The best stages play to the strengths of Sonic's tiered speed. A desert level gives Sonic wide plains of sand to tear up, leaping gaping sink-holes in a single bound, before entering a tomb where precision jumping is required to dodge the snapping mouths of Dune-like worms. If a level suddenly places a tornado on his tail, you've got a run trigger. If it then asks him to jump between tiny clouds, you need only let go. Controls are conducive to a vast range of play styles, enabling Sonic Team to adopt its cheery, pic 'n' mix approach to level design.
Like the pic 'n' mix stand itself, the game presents a wall of garish candy coloured vistas. It looks and sounds like videogames should, those brilliant-blue Sega skies dotted with tangibly solid toy blocks to play upon, supported by an orchestral sweep that reminds us of - you guessed it - Mario's jubilant Gusty Garden theme. Throw in level artists' apparently wilful disregard for coherence and you'll push through just to see where each new level ends up taking you. Giant billiard balls in space? Why, of course. Mountainous stacks of syrupy pancakes? Naturally. Cyborg oranges? Go on, then.
Looks aside, levels mimic Galaxy's trick of taking a single idea, exhausting it and moving on. Some are spent before they've even begun - the flying stages are horribly imprecise takes on Rayman's hovering - but many hit the mark. There's a cool riff on Monkey Ball that embeds Sonic inside a giant snowball, a deadly network of grinding rails channels the spirit of Donkey Kong Country Returns's mine carts and boss fights regularly interrupt the action in fun and surprising ways (although, without wishing to sound like a broken record, some are blatant Galaxy rip-offs). All are delivered with a nice bite: this game is no pushover.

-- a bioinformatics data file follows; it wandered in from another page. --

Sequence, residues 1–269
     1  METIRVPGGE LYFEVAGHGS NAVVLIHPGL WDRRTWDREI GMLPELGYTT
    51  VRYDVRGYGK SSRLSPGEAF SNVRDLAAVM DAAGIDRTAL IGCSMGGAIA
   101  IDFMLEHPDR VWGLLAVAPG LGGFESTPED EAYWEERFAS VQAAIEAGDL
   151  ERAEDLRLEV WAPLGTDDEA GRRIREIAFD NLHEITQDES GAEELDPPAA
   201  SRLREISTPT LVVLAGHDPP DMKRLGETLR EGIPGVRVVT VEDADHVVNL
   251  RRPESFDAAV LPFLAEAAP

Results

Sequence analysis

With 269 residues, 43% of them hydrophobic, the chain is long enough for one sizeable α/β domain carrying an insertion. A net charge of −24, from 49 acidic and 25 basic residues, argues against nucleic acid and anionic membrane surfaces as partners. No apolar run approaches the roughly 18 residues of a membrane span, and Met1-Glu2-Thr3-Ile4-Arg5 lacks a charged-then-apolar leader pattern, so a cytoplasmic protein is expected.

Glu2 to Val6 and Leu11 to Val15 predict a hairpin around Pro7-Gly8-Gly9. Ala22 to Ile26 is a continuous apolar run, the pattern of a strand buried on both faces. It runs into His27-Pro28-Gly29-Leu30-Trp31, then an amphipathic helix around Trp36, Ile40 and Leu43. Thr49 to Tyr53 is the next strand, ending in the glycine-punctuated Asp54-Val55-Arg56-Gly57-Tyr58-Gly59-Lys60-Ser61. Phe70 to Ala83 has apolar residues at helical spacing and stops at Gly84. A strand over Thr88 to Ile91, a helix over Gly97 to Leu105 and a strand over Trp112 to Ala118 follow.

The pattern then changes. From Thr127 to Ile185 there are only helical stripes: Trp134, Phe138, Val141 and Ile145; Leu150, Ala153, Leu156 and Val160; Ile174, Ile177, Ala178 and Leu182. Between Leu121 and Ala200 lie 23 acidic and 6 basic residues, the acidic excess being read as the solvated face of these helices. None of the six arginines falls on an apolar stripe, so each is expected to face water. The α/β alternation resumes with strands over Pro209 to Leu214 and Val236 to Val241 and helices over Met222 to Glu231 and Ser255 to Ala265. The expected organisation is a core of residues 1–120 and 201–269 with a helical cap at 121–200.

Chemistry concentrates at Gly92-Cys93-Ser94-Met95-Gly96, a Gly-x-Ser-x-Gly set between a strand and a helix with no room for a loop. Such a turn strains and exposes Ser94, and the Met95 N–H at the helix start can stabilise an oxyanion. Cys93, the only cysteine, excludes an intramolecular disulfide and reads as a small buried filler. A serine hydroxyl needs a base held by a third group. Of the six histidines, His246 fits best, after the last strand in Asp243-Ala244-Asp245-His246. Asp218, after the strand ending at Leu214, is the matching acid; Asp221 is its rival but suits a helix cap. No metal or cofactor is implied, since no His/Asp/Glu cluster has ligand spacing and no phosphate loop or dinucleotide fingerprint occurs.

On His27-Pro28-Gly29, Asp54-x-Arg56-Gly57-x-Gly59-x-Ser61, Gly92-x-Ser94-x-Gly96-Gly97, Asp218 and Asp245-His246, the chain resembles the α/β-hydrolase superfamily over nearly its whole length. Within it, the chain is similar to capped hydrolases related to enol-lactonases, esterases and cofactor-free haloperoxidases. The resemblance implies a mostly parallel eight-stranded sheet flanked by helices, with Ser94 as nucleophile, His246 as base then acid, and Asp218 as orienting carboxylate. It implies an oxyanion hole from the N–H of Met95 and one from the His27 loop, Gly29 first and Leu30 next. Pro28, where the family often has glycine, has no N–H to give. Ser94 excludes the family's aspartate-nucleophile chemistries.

A Sweet Treat?
Of course, the risk of a pic 'n' mix approach is that it's easy to fill the bag with bad 'pics'. For every fizzy cola bottle of an idea there's the risk of a foam banana. Bananas come none foamier than Sonic's transformative Wisp powers. They aim to offer Mario-like costumes, but instead weigh down fleet-footed action with fiddly GamePad implementation and no space to see them bloom. After appearing at the heart of Sonic Colours, in which you were encouraged to backtrack with new powers to expose secrets, the same abilities feel like a wasted opportunity here.
Multiplayer options are also poorly handled. Two-player races would be a cool addition were it not for the horrible framerate issues that come from splitting the action between GamePad and TV. The supporting co-op play, which sees a second player steer various R/C vehicles to shoot down enemies, need not exist, such is the difficulty of hitting anything when the level is being taken at speed. If anything, the co-op player needs a co-op player to help them enjoy the game. The best 'multiplayer' experience is enjoyed at a distance: trying to beat times on the online leaderboards.
While Lost World hits more than it misses, it remains plagued by the general lack of polish that defines many of Sonic's 3D games. That said, the hog himself is more well-rounded (especially during a spin dash) compared to his previous incarnations, a reliable presence that anchors the game on the right side of playable.
So it is we return to our medieval hedgehog: Lost World bears a similar bounty of juicy treats, as long as you're willing to risk the awkward spines that lie beneath.